If you grew up in the United States, at some point in your elementary education you were probably asked to craft, color, read about or dress up like pilgrims and Indians around this time of year. I distinctly remember standing with the rest of my classmates, donning a paper bonnet and apron, as we performed a skit about sailing on the Mayflower and landing at Plymouth Rock. It wasn’t until I was 20 years old that I actually learned some of the real history behind Thanksgiving—like that the settlers plagued Native Americans with all kinds of devastation. Along with Thanksgiving’s origin story, it is a holiday with a rich history worth exploring. So in case you’ were duped by the U.S. school system too, or you just want some interesting convo starters to ease the awkward chit chat with Aunt Betty, here are six truths behind the history of Turkey Day. Warning: It might make you think differently about stuffing your gullet with pumpkin pie. 

1. Settlers did share a meal with the indigenous American people, but then they slaughtered them.

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Accounts in the writings from different early settlers like William Bradford document the successful first harvest of the Mayflower's travelers in 1621, and also describes Massasoit, leader of the Wampanoag tribe at the time, with about 90 men joining in on the three day festivities. Not too long after, the Pequot Massacre happened in 1637, where more than 700 Native American Indians were killed by colonists. Colonists lit the homes of the Native Americans on fire, and killed anybody who tried to escape. Bradford's writings also confirm that they considered the people they were killing to be enemies. So much for the mythical idea that the Pilgrims and Indians lived happily ever after that so many schoolchildren across the nation have in their head. 

2. Every year the United American Indians of New England gather for a National Day of Mourning in Plymouth, Massachusetts.

 

The United American Indians of New England organize a gathering every year in Plymouth on the American Thanksgiving holiday to honor the indigenous ancestors who suffered at the hands of the European settlers. A National Day of Mourning takes place on the fourth Thursday of every November where Native Americans mourn the genocide of their people, and the land that was stripped from them. Participants often fast from sundown the night before through the afternoon of the demonstration as a way to recognize the importance of the day. The day involves a march through historic Plymouth, and speakers discuss history and current issues for native people in the Americas.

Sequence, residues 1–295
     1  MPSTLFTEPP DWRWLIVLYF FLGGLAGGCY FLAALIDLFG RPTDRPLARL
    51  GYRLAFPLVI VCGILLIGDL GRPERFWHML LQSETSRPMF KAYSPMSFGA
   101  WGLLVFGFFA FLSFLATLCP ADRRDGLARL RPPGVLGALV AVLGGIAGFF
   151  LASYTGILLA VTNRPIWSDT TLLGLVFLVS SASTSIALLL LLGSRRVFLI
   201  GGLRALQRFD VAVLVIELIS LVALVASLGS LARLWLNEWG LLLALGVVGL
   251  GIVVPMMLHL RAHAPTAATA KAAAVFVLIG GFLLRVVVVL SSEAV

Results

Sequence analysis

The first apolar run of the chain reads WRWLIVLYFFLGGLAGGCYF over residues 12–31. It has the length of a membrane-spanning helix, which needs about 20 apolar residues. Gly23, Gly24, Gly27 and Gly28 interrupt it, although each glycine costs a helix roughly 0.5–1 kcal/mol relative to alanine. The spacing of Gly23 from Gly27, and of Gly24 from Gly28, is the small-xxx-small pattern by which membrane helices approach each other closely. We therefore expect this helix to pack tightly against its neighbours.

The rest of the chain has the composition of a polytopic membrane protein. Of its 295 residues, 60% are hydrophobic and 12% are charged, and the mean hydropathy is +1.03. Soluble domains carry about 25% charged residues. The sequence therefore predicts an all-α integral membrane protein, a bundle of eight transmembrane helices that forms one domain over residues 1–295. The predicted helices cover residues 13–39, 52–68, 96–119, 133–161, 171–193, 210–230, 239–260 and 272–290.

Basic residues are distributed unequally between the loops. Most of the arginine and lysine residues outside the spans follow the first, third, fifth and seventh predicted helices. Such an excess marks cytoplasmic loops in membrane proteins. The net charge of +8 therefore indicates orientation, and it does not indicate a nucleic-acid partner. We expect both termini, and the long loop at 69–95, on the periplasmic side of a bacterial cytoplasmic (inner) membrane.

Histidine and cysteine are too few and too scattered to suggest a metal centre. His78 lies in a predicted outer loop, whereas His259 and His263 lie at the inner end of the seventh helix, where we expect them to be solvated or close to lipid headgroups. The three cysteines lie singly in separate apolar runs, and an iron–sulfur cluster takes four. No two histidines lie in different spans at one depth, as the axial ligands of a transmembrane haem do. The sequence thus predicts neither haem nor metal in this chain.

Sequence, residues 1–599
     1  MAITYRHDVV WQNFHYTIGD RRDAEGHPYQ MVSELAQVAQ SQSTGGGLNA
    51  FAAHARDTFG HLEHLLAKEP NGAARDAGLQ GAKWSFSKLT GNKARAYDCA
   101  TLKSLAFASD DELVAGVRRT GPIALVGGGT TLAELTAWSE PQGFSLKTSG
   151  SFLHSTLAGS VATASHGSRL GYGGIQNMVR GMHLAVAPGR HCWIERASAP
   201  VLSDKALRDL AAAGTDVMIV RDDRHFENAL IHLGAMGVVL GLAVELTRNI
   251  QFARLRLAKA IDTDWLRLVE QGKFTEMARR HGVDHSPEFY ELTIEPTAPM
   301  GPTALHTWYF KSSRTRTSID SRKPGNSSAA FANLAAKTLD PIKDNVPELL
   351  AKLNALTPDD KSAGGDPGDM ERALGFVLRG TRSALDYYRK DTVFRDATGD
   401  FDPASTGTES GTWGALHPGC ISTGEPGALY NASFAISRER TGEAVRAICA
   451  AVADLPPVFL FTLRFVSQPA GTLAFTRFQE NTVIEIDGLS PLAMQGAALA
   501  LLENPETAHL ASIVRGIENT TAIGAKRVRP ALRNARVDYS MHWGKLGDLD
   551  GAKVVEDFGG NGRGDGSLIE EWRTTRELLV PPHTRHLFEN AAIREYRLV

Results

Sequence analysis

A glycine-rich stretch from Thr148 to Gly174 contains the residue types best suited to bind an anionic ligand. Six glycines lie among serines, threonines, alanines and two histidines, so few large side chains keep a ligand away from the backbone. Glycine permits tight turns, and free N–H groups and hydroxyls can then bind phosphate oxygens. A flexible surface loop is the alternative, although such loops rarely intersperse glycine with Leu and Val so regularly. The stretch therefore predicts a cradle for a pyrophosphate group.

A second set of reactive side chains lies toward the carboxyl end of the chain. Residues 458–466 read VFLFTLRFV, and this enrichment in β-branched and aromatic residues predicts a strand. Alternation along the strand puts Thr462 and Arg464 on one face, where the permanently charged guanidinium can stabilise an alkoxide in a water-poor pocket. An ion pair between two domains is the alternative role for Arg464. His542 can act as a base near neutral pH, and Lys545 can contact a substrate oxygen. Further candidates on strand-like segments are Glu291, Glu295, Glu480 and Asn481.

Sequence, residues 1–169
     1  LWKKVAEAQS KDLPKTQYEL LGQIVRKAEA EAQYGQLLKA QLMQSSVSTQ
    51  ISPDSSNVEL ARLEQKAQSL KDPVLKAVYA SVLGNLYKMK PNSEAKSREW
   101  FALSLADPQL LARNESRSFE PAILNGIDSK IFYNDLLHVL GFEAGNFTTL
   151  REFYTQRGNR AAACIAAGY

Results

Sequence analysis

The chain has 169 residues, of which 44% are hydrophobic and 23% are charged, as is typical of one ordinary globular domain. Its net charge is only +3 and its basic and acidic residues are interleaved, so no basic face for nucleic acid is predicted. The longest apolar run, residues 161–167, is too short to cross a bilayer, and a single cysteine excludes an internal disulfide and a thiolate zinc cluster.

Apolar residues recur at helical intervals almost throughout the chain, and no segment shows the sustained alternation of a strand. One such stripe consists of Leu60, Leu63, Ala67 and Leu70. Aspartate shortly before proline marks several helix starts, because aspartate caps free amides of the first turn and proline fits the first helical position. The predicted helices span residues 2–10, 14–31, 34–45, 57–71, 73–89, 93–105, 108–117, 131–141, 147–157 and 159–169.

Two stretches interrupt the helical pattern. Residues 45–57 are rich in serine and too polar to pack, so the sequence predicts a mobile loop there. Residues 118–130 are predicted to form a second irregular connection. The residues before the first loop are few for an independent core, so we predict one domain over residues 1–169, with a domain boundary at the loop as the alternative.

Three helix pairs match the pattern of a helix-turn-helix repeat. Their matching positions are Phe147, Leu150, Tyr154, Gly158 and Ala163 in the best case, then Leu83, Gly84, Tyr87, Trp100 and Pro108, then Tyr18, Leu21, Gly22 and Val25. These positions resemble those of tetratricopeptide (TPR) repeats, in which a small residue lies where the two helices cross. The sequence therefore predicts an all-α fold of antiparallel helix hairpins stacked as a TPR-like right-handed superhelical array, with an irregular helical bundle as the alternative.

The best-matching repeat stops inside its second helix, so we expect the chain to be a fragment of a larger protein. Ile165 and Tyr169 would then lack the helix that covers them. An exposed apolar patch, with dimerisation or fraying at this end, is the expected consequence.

3. Abe Lincoln declared a national Thanksgiving holiday after a Union victory during the Civil War.

One thing that gets lost amidst the pilgrims and Indians décor is that President Abraham Lincoln officially declared Thanksgiving in 1863 during the war-torn United States’ Civil War. The declaration came after the Union Army won a battle, leading the president to announce a national day of thanks. 

4. Turkeys first became the center of the T-Gives meal a little more than 150 years ago.

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Andrew Smith, author of The Turkey: An American Story, said in an interview with Southern California Public Radio, that the pilgrims didn’t actually eat turkey at that very first famous meal in 1621. Smith said that turkeys were common at that time, but it wasn’t until the late 1800s that the bird became the center of the Thanksgiving feast.

5. FDR tried to move Thanksgiving to help the Great Depression.

In 1939, President Franklin D. Roosevelt shifted Thanksgiving up a week in an attempt to get stores more cash. Since holiday shopping officially commences after Thanksgiving, FDR thought that moving Turkey Day would help stores get more sales since an extra week would be wedged in before Christmas. In 1941, however, Congress said, "Uh-uh, not cool," to the prez, and it was changed back to the fourth week in November–just like honest Abe wanted.

6. Before Macy’s Thanksgiving Day Parade, there were Ragamuffin parades—say what?

Last year NPR’s Linton Weeks reported a story titled, “When Thanksgiving Was Weird.” The story explains that Thanksgiving in the United States once upon a time involved kiddos dressing up like beggars and ragamuffins and asking, “Anything for Thanksgiving?” Reminds you a bit of Halloween costumes and, “Trick-or-Treat!” doesn’t it? Apparently this very popular tradition of Ragamuffin parades got washed away by another tradition that came about in 1947: The Macy’s Thanksgiving Day Parade.

Photos via Flickr/Chica and Jo, United American Indians of New EnglandFlickr/Library of Congress and Flickr/Library of Congress.

Published November 25, 2015

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